Recent American experiments with genetically edited embryos have reignited both excitement and consternation over the possibility of modifying human DNA. Some scientists have called for extreme caution moving forward; others are responding by preparing kids for a new world that might soon include "Clustered Regularly Interspaced Short Palindromic Repeats," or CRISPR for short, biotechnology that allows for precise genetic engineering.
While it may sound like science fiction, this type of technological innovation is here to stay. China, for example, has been experimenting with genetic editing for some time. Thus it's important to take a proactive approach and equip the next generation with the tools to both use CRISPR appropriately and remain competitive in a changing world.
Jane Powel, a longtime teacher and president of the science and engineering education company OmniLearn, runs a summer science camp for children at East Woods school, several miles east of New York City. Her team of scientists, educators, and PhDs teaches a wide variety of topics that curious students can explore, including biotechnology and CRISPR, 3D printing, robotics, and coding. Powel uses this program to briefly introduce students in the biotechnology track to CRISPR technology before setting them up with a series of hands-on experiments.
Similarly, Michael Hirsch, a science teacher and lab manager at Acera School near Cambridge, Massachusetts, incorporated CRISPR into the curriculum he uses for his 6th through 8th grade classes.
Both teachers encourage their students to discuss the ethical and technical issues that might come with the technology – and the children's ability to foresee problems and consider ethical conundrums is astounding.
When Powel recently asked her class if CRISPR might have some problematic issues, one young student immediately raised his hand and noted that the technology could easily damage parts of a person's DNA even while fixing the intended portion.
Hirsch also asked his students to think critically about what circumstances would warrant using such powerful technology. Most of the kids agreed that doctors should use CRISPR to try to cure dangerous diseases, but there were myriad opinions when Hirsch asked them about applications beyond healing.
These students demonstrate both an eagerness to learn and the ability to think through the broader implications of using such technology in a responsible manner.
Powel understands the power and potential danger of genetic science, and says that is all the more reason for children to learn about it and consider its benefits and drawbacks. She argues that not only can teaching science give children the technical skills required to succeed as they get older, but it can also be a vehicle to encourage curiosity and problem-solving skills, and provide tools that will help them succeed in any career they choose.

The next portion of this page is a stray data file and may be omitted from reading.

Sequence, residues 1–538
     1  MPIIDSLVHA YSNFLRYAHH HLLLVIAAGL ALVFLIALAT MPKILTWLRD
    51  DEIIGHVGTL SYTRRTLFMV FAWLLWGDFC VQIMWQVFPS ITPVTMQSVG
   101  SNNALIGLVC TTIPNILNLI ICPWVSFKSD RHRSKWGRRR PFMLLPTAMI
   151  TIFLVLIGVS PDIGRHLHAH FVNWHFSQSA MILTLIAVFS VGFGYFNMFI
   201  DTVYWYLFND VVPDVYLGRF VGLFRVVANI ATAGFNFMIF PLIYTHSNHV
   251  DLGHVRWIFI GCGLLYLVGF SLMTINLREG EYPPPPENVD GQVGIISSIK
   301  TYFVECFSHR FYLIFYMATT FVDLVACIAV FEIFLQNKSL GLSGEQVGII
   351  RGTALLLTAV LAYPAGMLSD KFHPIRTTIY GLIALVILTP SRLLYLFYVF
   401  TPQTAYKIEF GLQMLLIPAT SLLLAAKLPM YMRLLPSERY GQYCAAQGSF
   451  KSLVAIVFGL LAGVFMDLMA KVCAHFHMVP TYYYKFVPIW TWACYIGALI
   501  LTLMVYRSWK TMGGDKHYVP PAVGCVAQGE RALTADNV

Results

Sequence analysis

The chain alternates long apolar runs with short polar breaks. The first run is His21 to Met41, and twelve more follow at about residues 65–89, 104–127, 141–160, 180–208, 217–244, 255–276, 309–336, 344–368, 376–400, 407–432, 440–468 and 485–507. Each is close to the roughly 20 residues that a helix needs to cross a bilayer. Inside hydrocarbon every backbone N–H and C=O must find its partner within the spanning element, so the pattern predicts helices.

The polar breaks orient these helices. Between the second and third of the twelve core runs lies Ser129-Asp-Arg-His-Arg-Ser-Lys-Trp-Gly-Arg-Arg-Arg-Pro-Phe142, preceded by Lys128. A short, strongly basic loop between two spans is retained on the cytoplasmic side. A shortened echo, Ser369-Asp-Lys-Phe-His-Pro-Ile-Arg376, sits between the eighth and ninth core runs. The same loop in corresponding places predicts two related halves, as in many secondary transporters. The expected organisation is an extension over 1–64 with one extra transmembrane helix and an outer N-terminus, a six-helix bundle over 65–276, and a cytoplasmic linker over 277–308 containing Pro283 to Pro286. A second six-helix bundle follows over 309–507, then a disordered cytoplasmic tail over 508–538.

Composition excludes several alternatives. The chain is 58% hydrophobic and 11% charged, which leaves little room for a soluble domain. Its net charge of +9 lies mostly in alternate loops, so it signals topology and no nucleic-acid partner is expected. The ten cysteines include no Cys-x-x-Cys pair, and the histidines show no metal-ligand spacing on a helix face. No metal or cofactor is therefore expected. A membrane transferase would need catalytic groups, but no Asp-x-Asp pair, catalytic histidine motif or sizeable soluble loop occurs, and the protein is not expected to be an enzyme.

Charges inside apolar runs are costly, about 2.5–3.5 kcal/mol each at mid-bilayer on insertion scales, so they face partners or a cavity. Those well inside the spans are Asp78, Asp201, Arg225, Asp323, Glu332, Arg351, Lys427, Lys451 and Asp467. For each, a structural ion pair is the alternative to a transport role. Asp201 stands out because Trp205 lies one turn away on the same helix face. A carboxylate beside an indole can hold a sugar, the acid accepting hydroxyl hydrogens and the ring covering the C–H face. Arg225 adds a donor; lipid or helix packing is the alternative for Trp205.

It would be a mistake to allow extreme caution and fear to prevent students from being exposed to CRISPR. Withholding knowledge not only inhibits their ability to develop a well-considered approach to technological change, but also places them at a future disadvantage. As personalized medicine and CRISPR quickly gain dominance, students exposed to these concepts at an early age will be more equipped to succeed in a shifting medical and tech environment.
Allowing institutions to embrace these new technologies could harness the power of the brilliant minds of the next generation, leading to discoveries that might solve some of the moral issues we don't have answers for today. Already those students being exposed to CRISPR are showing the desire and capacity to think deeply about these things. It is not surprising that both of the schools mentioned above are located in the vicinity of some of the most forward-thinking institutions pursuing this research.
On a global scale, extreme caution will only hinder our competitiveness with other countries. In March 2016 the Chinese government kicked off a 15-year, $9.2 billion push to establish itself as the uncontested king of genomics and precision medicine. While the Obama administration made similar efforts through the Precision Medicine Initiative, there has been little movement.
In fact, Congress has explicitly banned federal funds from being used for the type of embryonic gene editing that has made recent news. It should come as no surprise, then, that Chinese scientists consistently precede U.S. researchers in pushing CRISPR to its limits.
Earlier this year, the National Academy of Sciences expressed concern over the possibility that U.S.-based researchers might leave the country for more friendly jurisdictions like China if we continue to drag our feet. Losing such important work could harm more than American patients and aspiring scientists. It could also contribute to a less than ethical development of genetic science in a country with less will and ability to control the truly horrific cases that could potentially emerge.
Instead of painting a terrifying picture of the future that only Aldous Huxley could dream up – and using these fears to completely abandon new types of innovation – scientists, policymakers and educators ought to seek out ethical ways to allow genetic science to improve people's lives.
Discouraging these technologies in America will not prevent brilliant scientists from pursuing them. Instead, it will push them to less careful and less scrupulous jurisdictions, resulting in harm to American patients and an inability to shape the future in accordance with democratic ideals and principles.